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Archive for the ‘HABITAT’ Category

BY ANNE RAVER

Studio Outside coaxes many landscapes from one neglected ranch.

FROM THE MAY 2017 ISSUE OF LANDSCAPE ARCHITECTURE MAGAZINE.

There’s a journey-like feeling to this landscape, both in space and time, as the path curves through dense stands of red cedar and yaupon holly, then out to open savanna, dotted with live oaks and groves of post oaks.

“You can’t really understand these landscapes and the plants on the surface until you understand the underlying soil types and drainage patterns,” said Tary Arterburn, FASLA, a founding principal of Studio Outside, one sunny cool morning in early November.

“It’s sand, sand, and sand,” said Amy Bartell, a project manager at Studio Outside, who has spent countless hours on site here. She knows where the fine clayey sands of the Southern Blackland Prairie to the west finger into the coarser sands of the Northern Humid Gulf Coastal Prairie to the east.

The Dallas-based firm first walked the 132-acre property in 2015 to assess (more…)

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BY ZACH MORTICE

São Paolo is a small aquaponics farming settlement where residents and visitors gather medicinal compounds from the surrounding jungle. 2100: A Dystopian Utopia—The City After Climate Change, by Vanessa Keith/StudioTEKA (New York: Urban Research, 2017). Courtesy of Terreform.

In the not-so-distant future, what remains of São Paulo is something like an ecoresort medical crop farm for ewoks. People from all over the world travel to its lush, frequently flooded rain forest and set up shop in ovular pods in the treetops connected by open-air skywalks. They farm fish, grow sugarcane, and harvest rare, medicinal compounds from the surrounding jungle. Crews deconstruct the old city, leaving more room for this life-saving flora to reassert itself.

A continent away, the city of Phoenix, Arizona, is also in the process of unbecoming. Residents of its single-family houses are cannibalizing their neighborhoods at the stern urging of statist security forces. (Let’s say something like United Nations troops, perhaps wearing black helmets instead of blue ones.) The nation’s sixth-largest city will be shrunk to a tiny fraction of its former size to make way for more massive solar energy farms that dominate the desert landscape. Former Arizonans are invited to move themselves along with the bricks and mortar of their communities to a burgeoning megacity in Vancouver. Some people don’t want to go, and are meeting in secret to talk about what to do if they’re forced.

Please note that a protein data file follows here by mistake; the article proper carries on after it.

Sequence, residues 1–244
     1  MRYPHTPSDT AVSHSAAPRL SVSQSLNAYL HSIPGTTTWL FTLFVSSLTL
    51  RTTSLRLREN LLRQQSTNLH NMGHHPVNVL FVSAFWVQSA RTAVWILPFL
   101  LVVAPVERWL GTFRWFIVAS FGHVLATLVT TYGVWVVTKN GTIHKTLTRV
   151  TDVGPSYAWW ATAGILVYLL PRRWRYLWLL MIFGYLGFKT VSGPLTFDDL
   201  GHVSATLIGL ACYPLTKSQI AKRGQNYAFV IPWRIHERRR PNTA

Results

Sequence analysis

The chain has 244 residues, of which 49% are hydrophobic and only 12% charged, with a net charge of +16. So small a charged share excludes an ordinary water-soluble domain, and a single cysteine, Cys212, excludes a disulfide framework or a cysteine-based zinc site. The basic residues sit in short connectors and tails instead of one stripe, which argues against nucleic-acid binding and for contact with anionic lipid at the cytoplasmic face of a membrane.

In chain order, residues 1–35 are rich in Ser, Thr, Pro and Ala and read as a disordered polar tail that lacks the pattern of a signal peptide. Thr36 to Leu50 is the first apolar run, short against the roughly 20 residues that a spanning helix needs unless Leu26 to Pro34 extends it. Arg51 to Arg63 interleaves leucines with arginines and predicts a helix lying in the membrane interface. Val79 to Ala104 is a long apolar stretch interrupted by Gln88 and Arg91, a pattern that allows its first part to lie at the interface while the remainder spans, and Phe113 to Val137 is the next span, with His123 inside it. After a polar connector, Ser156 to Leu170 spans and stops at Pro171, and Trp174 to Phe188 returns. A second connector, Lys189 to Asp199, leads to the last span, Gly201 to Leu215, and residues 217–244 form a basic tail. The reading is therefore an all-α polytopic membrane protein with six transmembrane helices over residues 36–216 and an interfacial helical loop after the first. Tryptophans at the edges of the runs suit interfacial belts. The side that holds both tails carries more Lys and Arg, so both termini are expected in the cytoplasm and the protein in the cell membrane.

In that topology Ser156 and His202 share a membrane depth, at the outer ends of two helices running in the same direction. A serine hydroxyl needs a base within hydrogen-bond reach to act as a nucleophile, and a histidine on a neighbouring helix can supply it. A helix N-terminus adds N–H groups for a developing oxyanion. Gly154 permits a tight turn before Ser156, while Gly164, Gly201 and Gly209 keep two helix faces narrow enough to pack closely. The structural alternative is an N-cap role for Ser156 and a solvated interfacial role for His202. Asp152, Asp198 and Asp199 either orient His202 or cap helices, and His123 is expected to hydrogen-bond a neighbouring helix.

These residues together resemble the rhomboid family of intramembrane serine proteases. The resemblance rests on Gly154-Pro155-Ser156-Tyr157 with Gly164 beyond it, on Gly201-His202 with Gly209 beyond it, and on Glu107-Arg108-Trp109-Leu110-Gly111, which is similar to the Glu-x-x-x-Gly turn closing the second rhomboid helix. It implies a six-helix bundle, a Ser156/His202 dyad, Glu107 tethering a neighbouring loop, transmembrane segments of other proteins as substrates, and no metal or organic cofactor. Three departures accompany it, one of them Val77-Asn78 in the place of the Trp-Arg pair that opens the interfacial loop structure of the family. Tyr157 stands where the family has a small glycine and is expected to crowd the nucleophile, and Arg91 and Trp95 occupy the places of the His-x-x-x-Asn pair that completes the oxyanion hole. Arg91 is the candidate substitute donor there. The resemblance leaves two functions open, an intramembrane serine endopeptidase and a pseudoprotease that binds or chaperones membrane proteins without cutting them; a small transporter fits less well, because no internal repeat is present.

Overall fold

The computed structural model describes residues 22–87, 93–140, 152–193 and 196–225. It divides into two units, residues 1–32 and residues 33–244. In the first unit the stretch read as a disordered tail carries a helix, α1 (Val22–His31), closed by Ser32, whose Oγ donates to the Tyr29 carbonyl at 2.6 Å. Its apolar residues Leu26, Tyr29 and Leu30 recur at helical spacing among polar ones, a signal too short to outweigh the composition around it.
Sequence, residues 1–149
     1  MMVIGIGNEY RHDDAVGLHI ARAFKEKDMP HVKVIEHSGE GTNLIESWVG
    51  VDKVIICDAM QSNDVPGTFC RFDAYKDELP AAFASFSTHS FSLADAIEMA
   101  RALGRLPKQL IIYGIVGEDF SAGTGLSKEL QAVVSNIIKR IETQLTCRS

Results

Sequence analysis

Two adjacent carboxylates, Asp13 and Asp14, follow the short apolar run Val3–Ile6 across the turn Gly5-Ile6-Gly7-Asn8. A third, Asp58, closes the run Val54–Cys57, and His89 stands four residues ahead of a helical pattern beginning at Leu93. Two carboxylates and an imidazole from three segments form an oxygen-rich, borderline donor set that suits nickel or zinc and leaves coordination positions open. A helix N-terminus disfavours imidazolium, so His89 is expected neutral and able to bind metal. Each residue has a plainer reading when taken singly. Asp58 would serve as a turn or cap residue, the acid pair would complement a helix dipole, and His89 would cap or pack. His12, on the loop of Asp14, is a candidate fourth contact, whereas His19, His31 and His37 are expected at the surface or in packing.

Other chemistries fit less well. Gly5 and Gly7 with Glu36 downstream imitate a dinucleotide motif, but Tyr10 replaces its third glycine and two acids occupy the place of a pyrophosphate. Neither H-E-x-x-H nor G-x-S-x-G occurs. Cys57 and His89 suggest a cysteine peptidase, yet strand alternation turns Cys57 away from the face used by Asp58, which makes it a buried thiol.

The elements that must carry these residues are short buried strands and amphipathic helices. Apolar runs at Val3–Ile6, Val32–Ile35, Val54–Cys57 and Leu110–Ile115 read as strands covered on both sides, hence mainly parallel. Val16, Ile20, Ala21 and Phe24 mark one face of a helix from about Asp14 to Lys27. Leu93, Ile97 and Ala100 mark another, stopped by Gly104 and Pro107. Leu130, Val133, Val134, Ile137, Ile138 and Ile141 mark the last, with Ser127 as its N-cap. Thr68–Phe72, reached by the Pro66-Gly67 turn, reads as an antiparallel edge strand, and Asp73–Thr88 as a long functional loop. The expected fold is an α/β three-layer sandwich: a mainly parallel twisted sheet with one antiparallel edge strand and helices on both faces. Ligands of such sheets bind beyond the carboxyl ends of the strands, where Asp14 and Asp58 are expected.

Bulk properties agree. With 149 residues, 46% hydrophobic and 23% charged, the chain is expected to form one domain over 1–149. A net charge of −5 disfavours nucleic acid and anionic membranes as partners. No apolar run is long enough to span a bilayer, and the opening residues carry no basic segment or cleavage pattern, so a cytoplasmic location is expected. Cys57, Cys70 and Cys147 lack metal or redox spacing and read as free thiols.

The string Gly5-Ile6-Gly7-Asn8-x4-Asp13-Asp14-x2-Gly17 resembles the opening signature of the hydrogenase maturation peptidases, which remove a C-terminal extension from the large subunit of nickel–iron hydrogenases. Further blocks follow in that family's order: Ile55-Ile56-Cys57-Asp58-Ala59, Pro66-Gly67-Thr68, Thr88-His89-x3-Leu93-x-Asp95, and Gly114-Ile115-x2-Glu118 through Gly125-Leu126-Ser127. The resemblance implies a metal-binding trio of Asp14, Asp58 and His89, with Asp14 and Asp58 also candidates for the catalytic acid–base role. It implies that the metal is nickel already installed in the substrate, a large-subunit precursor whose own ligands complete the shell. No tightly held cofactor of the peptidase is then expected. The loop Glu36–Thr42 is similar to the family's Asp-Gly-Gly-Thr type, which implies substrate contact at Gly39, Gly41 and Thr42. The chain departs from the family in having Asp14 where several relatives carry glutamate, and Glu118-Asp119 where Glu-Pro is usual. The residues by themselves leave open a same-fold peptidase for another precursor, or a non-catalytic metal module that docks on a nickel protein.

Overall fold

Those companion (but tonally opposed) visions of the future begin with the same book, Vanessa Keith’s 2100: A Dystopian Utopia—The City After Climate Change, published by Terreform’s Urban Research, Michael Sorkin’s publishing imprint. It envisions a world where (more…)

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BY JAMES TRULOVE / PHOTOGRAPHY BY RUNGKIT CHAROENWAT

Landscape Architects of Bangkok has reforested a speck of the Thai capital. The cobras seem to approve.

FROM THE MAY 2017 ISSUE OF LANDSCAPE ARCHITECTURE MAGAZINE.

It would not be a stretch to think of this reforestation project as a “vest-pocket” park, much in the tradition of the work of the noted landscape architect Robert Zion in New York City. After all, the name of the project, “Metro-Forest,” might suggest as much. Though it is not bounded on all sides by encroaching office towers, this five-acre landscape rests squarely in the midst of equally inhospitable and unchecked suburban sprawl dotted by illegal dump sites (of which this was once one), a tangle of expressways and surface roads, and the din of more than 800 planes landing and departing nearby every day at Suvarnabhumi Airport, which serves Bangkok. Certainly many of the design elements of a vest-pocket park are present: a water feature to mask the clamor of planes and cars, native plants that recall a bygone era, seating to contemplate the surrounding nature, hardscape to create boundaries, and a carefully designed network of berms that increase the overall planting area of this small space while blocking views of the surroundings.

The project, which won a 2016 ASLA Professional Honor Award for General Design, is an oasis, (more…)

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BY JONATHAN LERNER

Jack Dangermond built a tech colossus, and a fortune, from GIS. Now he’s sharing it all to save the world.

FROM THE APRIL 2017 ISSUE OF LANDSCAPE ARCHITECTURE MAGAZINE.